I’ve given details on preparing tongue a couple times (here for buffalo, here for pork). This corned beef tongue was brined with curing salt and lots of pickling spice. As you can see in the picture, the tongue has some insanely thorough fat marbling. It actually looks a bit like Wagyu beef! Fantastic sandwich…
The tongue is one of those cuts that sounds way, way weirder than it really is.
The tongue has two sections. There’s the part that we usually think of when we consider an animal’s tongue: the part at the front that can move freely around the mouth. Then there’s the base, at the back of the mouth. The meat from these two sections is different.
The tip meat has a very close, dense texture, and is lean. The base meat has a coarser texture, and is a bit fatty.
The meat from both sections is very tough in its raw state. As you can imagine, the tongue is a highly exercised muscle, and requires extensive cooking at low temperatures, usually … Continue reading.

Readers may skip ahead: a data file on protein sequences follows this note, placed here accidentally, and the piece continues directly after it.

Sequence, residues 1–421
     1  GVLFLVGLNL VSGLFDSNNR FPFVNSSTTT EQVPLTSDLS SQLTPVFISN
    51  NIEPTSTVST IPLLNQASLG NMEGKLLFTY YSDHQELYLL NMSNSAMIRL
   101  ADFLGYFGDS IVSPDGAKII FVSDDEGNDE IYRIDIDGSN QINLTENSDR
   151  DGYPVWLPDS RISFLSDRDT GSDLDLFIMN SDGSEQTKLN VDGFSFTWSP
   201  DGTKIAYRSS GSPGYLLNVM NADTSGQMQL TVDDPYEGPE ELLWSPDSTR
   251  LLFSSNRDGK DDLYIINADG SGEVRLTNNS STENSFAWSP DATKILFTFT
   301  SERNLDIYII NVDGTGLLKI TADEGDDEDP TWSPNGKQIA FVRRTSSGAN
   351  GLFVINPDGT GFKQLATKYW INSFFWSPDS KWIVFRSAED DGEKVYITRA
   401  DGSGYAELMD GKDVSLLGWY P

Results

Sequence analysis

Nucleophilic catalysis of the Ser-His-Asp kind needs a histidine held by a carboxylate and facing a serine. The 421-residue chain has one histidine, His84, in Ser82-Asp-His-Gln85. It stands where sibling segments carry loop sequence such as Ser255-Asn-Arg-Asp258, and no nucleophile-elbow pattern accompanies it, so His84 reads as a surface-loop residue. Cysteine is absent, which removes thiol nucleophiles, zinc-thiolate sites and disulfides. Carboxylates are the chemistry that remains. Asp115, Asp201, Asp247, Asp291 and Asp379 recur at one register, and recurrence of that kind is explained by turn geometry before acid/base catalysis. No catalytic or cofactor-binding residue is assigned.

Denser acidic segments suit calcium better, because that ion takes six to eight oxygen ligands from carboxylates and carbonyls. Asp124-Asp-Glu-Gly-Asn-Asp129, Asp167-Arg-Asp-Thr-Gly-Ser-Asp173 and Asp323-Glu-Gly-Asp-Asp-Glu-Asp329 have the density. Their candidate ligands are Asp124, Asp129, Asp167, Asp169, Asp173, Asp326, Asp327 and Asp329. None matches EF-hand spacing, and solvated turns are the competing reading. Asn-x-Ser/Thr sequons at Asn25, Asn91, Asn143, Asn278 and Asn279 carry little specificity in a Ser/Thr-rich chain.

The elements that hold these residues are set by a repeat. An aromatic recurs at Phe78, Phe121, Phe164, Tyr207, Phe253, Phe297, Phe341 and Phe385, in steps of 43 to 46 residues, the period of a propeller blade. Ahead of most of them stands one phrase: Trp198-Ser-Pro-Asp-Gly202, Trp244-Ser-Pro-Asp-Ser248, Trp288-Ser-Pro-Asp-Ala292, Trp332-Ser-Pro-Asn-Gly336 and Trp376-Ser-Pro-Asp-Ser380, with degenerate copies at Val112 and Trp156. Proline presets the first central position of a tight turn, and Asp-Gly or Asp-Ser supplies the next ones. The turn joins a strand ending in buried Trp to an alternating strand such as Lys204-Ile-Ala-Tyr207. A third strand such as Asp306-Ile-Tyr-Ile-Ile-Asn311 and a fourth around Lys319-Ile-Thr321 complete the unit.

A while back I wrote a post on cold-cut Bath chaps: a boned-out pig’s head, cured, rolled around the tongue, tied, poached, and sliced. While I was extremely happy with the look of those Bath chaps, they were pretty bland. I figure that the cure leached into the poaching liquid.
I had another go at the chaps with this fall’s pig. This time, instead of using a whole head, I used only one jowl, cured, and wrapped around the tongue.
After rolling and tying, I seared the meat over high heat. Once chilled, I vacuum-packed the chaps and simmered them for two or three hours. This was not proper sous-vide: though the meat was vacuum-packed, it wasn’t cooked in … Continue reading.
A simple variation on the brine and boil theme.
The rule of thumb for brining hams is a half day per pound of meat. Tongues seem to take a week for the brine to penetrate, even if they only weigh two pounds. This could be because the meat is dense and fine-textured, but that’s only a theory.
As is easy to imagine, the tongue is a highly exercised muscle. It contains lots of connective tissue that moist heat dissolves into delicious, succulent gelatin. As such tongues are almost always boiled.
I had just made some good buffalo stock, so I decided to braise this particular tongue. I didn’t expect braising to affect the tongue much differently than boiling; I just … Continue reading.